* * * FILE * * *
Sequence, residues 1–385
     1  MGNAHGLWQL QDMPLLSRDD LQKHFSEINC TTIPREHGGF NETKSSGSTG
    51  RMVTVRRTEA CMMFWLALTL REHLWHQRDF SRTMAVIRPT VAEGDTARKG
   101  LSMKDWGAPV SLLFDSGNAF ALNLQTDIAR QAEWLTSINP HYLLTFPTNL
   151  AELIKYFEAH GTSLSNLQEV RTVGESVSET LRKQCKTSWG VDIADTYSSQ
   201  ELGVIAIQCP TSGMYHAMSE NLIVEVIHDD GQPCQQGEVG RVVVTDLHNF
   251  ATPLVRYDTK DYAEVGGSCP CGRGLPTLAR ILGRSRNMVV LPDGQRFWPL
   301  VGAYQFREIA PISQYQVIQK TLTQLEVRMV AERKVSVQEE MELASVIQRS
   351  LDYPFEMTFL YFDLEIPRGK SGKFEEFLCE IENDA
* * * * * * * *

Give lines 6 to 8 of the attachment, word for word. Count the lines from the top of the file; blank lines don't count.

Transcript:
   201  ELGVIAIQCP TSGMYHAMSE NLIVEVIHDD GQPCQQGEVG RVVVTDLHNF
   251  ATPLVRYDTK DYAEVGGSCP CGRGLPTLAR ILGRSRNMVV LPDGQRFWPL
   301  VGAYQFREIA PISQYQVIQK TLTQLEVRMV AERKVSVQEE MELASVIQRS